Patterson was named the “Fighter of the Year” by Ring Magazine in 1956 and in 1960, he received the same title from Boxing Writers Association of America. He died in May 11, 2006 after suffering from prostate cancer and Alzheimer’s disease.

Did You Know?

Patterson won a gold medal at the 1952 Summer Olympics in the middleweight category as an amateur boxer. Patterson’s adopted son, Tracy Harris Patterson, was a 1990s champion, and the two won world titles together as father and son. In 1991, Patterson was inducted into the International Boxing Hall of Fame.

1. Mike Tyson

Year of birth: June 30, 1966
Age at championship: 20 years, 4 months
Date won: November 22, 1986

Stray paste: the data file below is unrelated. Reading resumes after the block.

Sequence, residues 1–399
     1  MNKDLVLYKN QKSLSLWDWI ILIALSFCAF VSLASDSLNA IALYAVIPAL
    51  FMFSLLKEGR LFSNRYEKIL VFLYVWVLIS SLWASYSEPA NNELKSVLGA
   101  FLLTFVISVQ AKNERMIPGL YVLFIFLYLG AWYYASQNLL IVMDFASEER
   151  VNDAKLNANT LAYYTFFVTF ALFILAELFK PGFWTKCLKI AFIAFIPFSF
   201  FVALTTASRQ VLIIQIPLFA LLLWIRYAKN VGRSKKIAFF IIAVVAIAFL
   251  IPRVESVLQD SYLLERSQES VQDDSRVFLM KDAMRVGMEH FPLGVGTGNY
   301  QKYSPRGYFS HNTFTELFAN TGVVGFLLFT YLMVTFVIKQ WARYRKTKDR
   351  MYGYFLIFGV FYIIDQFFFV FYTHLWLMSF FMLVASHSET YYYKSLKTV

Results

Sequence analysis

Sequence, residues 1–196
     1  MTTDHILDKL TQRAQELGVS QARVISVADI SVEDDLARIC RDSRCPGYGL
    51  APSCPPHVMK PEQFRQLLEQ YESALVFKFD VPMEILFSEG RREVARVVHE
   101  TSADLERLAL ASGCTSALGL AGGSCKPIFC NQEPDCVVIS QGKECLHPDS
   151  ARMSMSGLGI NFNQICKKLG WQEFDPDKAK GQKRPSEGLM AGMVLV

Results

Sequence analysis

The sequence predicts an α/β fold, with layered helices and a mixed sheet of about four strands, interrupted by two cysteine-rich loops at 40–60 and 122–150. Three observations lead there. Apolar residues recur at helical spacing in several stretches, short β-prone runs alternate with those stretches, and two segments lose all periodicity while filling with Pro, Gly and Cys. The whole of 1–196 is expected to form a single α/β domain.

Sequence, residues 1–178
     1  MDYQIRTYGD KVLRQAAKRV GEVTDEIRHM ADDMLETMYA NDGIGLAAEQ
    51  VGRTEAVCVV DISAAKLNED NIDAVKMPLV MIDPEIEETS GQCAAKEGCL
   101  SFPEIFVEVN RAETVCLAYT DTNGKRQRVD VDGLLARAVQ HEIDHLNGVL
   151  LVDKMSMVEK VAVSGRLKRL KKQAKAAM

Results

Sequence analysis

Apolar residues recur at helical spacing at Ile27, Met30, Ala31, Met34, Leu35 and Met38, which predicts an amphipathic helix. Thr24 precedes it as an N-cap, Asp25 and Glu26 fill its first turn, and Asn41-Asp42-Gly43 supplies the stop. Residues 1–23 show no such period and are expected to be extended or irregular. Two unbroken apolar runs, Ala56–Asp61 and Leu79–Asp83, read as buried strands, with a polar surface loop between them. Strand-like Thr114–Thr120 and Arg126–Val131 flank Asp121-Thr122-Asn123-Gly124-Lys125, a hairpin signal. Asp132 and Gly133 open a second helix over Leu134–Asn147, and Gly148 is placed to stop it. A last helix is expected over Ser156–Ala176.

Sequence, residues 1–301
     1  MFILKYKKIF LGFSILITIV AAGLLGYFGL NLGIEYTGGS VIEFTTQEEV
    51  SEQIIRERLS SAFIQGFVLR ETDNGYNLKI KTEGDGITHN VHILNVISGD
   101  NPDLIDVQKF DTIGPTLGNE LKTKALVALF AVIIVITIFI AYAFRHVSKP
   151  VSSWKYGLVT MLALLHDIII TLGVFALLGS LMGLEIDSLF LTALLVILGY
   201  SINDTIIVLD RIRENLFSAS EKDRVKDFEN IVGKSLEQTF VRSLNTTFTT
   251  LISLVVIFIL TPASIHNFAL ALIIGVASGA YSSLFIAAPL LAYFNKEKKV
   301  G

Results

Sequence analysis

Nationality: American

photo source: Wikimedia Commons

Michael Gerard Tyson is the youngest heavyweight champion in the world. The former professional boxer reigned as the world’s undisputed heavyweight champion from 1987 to 1990. Nicknamed “The Baddest Man on the Planet,” Mike Tyson has fought 58 fights, recording 50 wins.

Born in Brooklyn, the 55-year-old is a retired fighter, and has been recognized as one of the greatest heavyweight boxers in history.

Did You Know?

Tyson was the first heavyweight champion to hold three titles simultaneously: WBC, WBA, and IBF. He holds positions in the International Boxing Hall of Fame and the World Boxing Hall of Fame.